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Image / Living / Food & Drink

Start your week off right with these authentic Scandinavian cinnamon buns, or ‘kanelbullar’

by Meg Walker
01st Feb 2021

Some of us start our weeks off with healthy recipes for soups and salads. Sunday was spent food prepping and now you have a fridge stocked with ready-to-go meals.

And some of us, well, do not. This week seems like it was a particularly rough one for everyone, as January dragged into its ninth week, the weather took a turn for the wet and windy and we headed into our 45th week of this pandemic (that one’s actually true).

So we did not make it to the supermarket over the weekend, our fridge is empty, the weather is cat and we need a reason to get up in the morning that isn’t a bowl of plain cereal and a computer screen.

Enter: Scandinavian cinnamon buns by Brontë Aurell. You can make these the day of but you can also make them the night before and pop them in the fridge overnight for their second rise. Then all you need to do is bring them to room temp and pop them in the oven first thing in the morning.


Brontë Aurell’s Real Cinnamon Buns
Serves 16

Having a good recipe for kanelbullar is essential, because it’s the Scandi treat you will make over and over. Don’t forget to knead some love into the dough; it makes them extra-delicious.


For the dough

  • 13g dried/active dry yeast or 25g fresh yeast
  • 250ml whole milk, heated to 36-37ºC
  • 80g butter, melted and cooled slightly
  • 40g caster sugar
  • 400-500g white strong/bread flour
  • 2 tsp ground cardamom
  • 1 tsp salt
  • 1 egg, beaten

For the filling

  • 80g plus 1 tbsp butter, at room temperature
  • 1 tsp plain flour
  • 1 tbsp ground cinnamon
  • ½ tsp ground cardamom
  • ½ tsp vanilla sugar
  • 80g plus 2 tbsp caster sugar
  • beaten egg, for brushing

For the topping

  • 3 tbsp golden/light corn syrup (warmed) and nibbed “pearl” sugar


  • 2 baking sheets, greased and lined with baking parchment


If using fresh yeast, add the warm milk to a mixing bowl and add the yeast; stir until dissolved, then pour into the bowl of the food mixer. If using dried/active dry yeast, pour the warm milk into a bowl, sprinkle in the yeast and whisk together. Cover with clingfilm and leave in a warm place for about 15 minutes to become bubbly. Pour into the bowl of a food mixer fitted with a dough hook.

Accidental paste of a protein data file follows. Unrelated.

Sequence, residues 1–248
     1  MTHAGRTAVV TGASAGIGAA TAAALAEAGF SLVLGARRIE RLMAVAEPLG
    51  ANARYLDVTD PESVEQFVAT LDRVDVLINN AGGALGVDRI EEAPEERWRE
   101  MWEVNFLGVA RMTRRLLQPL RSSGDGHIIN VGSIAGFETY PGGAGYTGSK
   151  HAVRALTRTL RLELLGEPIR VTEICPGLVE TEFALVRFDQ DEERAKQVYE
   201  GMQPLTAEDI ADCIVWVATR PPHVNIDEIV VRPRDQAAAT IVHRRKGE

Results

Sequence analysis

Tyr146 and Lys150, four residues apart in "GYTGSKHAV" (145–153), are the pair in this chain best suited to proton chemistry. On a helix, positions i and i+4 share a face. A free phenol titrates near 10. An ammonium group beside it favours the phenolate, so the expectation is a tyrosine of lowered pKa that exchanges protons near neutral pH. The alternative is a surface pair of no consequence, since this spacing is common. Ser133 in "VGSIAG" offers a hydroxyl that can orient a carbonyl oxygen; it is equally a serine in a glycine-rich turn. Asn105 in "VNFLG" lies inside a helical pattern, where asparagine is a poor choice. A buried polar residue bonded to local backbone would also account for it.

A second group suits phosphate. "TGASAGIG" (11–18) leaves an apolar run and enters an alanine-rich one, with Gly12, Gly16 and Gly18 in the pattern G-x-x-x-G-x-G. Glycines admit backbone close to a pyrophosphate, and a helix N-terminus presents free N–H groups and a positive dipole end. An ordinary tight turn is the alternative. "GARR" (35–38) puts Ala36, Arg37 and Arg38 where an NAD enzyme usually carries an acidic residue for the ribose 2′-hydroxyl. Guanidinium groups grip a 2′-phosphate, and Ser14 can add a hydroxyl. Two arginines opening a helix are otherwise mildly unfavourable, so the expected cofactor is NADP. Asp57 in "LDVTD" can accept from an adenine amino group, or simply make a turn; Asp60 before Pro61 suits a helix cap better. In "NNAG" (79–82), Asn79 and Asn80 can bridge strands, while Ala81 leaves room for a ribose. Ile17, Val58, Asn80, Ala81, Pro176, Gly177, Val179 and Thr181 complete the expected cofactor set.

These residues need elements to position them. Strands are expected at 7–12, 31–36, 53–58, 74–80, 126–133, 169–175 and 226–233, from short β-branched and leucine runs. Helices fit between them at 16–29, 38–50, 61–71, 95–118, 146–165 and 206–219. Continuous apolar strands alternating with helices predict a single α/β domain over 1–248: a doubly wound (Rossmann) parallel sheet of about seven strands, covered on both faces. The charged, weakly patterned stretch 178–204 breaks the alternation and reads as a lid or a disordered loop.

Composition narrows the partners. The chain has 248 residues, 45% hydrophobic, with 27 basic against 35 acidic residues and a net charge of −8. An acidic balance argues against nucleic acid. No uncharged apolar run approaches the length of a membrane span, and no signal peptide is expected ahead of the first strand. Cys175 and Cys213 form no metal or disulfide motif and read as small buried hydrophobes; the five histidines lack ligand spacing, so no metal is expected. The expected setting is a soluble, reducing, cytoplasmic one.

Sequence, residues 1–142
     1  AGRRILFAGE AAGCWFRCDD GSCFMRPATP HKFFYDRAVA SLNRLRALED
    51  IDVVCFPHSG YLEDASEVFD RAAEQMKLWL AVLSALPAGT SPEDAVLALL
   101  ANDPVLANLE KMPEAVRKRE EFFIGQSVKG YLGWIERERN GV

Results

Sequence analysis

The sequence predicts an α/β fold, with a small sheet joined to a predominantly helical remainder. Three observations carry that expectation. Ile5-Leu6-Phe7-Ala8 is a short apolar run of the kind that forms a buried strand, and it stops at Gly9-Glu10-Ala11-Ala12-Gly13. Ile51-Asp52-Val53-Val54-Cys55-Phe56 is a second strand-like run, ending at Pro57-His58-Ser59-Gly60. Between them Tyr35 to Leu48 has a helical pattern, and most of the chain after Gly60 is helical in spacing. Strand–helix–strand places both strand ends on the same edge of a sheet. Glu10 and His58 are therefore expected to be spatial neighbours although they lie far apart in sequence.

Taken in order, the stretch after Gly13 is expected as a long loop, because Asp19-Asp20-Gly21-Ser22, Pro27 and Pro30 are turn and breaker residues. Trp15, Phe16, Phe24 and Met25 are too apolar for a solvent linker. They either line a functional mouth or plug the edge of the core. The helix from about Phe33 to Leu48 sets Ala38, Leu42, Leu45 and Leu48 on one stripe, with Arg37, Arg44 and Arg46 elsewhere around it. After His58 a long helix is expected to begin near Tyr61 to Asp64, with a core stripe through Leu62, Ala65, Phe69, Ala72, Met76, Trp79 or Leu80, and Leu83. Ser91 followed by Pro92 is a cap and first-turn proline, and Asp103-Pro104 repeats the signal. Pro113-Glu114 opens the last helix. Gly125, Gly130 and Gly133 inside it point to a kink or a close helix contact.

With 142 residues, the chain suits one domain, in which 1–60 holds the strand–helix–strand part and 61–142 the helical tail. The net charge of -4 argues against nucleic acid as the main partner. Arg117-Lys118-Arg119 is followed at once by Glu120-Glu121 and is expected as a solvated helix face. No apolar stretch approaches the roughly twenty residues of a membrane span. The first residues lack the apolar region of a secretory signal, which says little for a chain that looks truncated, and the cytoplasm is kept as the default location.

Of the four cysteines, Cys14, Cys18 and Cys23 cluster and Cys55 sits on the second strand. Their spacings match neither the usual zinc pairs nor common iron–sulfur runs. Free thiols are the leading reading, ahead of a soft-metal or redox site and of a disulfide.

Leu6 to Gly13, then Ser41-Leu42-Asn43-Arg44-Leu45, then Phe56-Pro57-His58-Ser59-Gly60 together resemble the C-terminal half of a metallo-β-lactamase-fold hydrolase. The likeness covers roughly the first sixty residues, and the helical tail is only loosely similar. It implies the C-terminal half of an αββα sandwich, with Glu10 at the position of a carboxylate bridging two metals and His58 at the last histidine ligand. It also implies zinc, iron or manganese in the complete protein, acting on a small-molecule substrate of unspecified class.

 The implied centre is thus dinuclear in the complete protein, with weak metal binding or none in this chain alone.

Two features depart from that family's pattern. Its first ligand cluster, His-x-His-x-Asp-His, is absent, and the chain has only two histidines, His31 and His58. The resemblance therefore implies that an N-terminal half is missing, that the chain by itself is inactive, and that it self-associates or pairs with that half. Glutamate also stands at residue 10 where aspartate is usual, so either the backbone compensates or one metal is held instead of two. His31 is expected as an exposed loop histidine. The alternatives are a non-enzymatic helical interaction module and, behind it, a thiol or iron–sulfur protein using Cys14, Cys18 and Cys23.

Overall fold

Mix in the cooled, melted butter. Allow to combine for 1 minute or so, then add the sugar. In a separate bowl, weigh out 400g of the flour, add the cardamom and salt and mix. Start adding the flour and spices into the milk mixture, bit by bit. Add half the beaten egg. Keep kneading for 5 minutes. You may need to add more flour – you want the mixture to end up a bit sticky. It is better not to add too much flour, as this will result in dry buns. You can always add more later.

Cover the dough with clingfilm. Allow to rise for around 30 minutes or until it has doubled in size.

Turn the dough out onto a lightly floured surface. Knead through with your hands and work in more flour if needed. Roll out the dough to a 40 x 50cm rectangle.

In a bowl, add the butter, flour, spices and sugars and mix together well to make the filling. Using a spatula, spread the mixture evenly over the rolled-out dough. Fold the dough in half lengthways.

Using a knife or pizza cutter, cut 16 widthways strips of dough. Take one strip and carefully twist it a few times, then curl into a “knot”, ensuring both ends are tucked in or under so they do not spring open during baking. Place the folded knots on the prepared baking sheets spaced well apart. Leave to rise under a kitchen cloth for 30 minutes.

Preheat the oven to 200?C/gas mark 6. Brush each bun lightly with beaten egg and place in the preheated oven to bake for around 10-12 minutes or until golden.

Remove from the oven. Brush the warm buns lightly with syrup then decorate with the nibbed “pearl” sugar. Immediately cover with a damp, clean cloth for a few minutes to prevent the buns from going dry.


Extracted from ScandiKitchen: Fika & Hygge by Brontë Aurell (Ryland Peters & Small, approx €20). Photography by Peter Cassidy.


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